The Power of Community Open Online Courses

Monday, March 07, 2016 Comment Teacher speaking to teenagers who are all holding and looking at smartphones

When MOOCs came along, and were swiftly adopted as the latest venture-funded startup fad, many who didn’t receive so much publicity back then started thinking of possibilities other than massive courses or strictly commercial open courses. Peter Shukie, lecturer at Community College, Blackburn, UK, and doctoral student at Lancaster University, started experimenting with “COOCs” — Community Open Online Courses. “The idea came from my experiences in adult literacy and community education, especially around students and teachers who seemed to be excluded — while at the same time being courted — by moves toward a technology-inspired learning ecology. At the

What Failure? Supporting a Succeeding UC Online Course

Thursday, January 14, 2016 Comment UCSD webpage screenshot with students and professor in image

I’m certainly no starry-eyed uncritical worshipper of online learning. In fact, I have something of a reputation as a very frank critic, which was solidified with my book The War on Learning. This status as a skeptic is likely to be further reinforced with my new edited collection about “the MOOCs moment” that is slated to appear soon from the University of Chicago Press. So, it’s not surprising that I regularly get sent news items about bone-headed failures from people chortling about the obvious shortcomings of instructional technology in higher education. What has been disconcerting is

How Unplanned Learning Led to Online Book Group

Monday, January 11, 2016 Comment cluttered computer desk with headphones book soda

Learning by stumbling upon things — and cultivating the ability to recognize when you’ve stumbled onto something valuable — can be amplified manyfold if you regularly look where people in your personal learning network are pointing. Focused, systematic, pre-planned learning is still a powerful tool in the learning toolbox but, sometimes, you need to put yourself into the position of stumbling upon and dipping into learning that you had not planned. Autumm Caines, for example, participated in focused, systematic learning as a master’s student (now graduate) at Ohio State University and associate director of academic technology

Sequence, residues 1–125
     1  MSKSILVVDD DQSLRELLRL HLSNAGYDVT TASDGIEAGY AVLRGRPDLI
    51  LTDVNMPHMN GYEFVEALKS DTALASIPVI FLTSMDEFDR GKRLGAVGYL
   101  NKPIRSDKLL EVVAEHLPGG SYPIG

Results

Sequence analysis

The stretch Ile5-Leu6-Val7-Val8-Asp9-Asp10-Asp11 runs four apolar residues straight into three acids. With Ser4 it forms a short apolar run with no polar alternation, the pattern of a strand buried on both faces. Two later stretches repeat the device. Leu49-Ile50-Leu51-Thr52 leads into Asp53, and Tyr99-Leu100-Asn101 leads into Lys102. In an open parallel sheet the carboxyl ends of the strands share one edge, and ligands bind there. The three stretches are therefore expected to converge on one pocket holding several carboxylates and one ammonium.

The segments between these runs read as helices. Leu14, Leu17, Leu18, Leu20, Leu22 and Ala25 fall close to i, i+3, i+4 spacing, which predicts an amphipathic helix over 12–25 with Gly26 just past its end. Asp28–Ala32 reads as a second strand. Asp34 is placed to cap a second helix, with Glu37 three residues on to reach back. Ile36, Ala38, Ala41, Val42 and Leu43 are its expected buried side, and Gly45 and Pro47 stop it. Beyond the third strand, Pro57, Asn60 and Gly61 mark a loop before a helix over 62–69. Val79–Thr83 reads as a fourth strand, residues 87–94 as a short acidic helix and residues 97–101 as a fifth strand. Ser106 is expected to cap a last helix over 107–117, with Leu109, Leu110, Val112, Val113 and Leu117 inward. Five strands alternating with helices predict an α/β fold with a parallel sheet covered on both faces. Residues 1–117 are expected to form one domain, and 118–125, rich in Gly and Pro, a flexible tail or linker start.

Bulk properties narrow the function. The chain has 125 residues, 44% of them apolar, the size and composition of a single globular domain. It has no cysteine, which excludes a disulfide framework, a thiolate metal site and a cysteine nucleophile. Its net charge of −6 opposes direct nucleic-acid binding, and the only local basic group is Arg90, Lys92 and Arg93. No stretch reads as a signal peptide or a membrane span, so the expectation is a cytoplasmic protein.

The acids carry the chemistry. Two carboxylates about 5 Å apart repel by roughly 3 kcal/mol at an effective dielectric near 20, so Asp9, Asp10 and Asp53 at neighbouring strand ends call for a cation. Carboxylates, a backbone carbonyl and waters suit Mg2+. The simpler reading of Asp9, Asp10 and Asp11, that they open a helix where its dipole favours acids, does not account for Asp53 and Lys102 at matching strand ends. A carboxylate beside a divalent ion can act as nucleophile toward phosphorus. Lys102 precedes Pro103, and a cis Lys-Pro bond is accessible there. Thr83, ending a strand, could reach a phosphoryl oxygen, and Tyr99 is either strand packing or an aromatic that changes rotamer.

Enhancing Connected, Distributed Learning

Thursday, August 13, 2015 Comment leuphana holding a large meeting in conference room

This is the last of the four-part series that draws from our experiences of completing a Mentored MOOC called “Managing the Arts” with the Goethe Institute at the Leuphana Digital School this spring. In the first part, I argued that distributed learning might conceptually help us better than connected learning, as it shows the seams, and promises not connectivity but consolidation as the role of technologies of online learning. My colleague Mariam Haydeyan detailed the idea of a distributed learner and her fragmented learning processes that become consolidated when we imagine the learner not just as an individual

The Power of Decentralization in the MOOC

Thursday, July 30, 2015 Comment old illustration of rhinoceros

Editor’s note: This is the second in a series of four blogs on digital technology. Nishant Shah’s Annotation: In the last entry, I had suggested that instead of connectedness, what we really need to think about, in connected and digital learning, is the idea of distributedness. I had argued that the role of technology in MOOC environments is that of consolidation, and it is the act of consolidation that allows for the distributedness of learners, teachers, and resources to be sustained. Building upon this conversation, my colleague Mariam Haydeyan at the Leuphana Digital School, uses the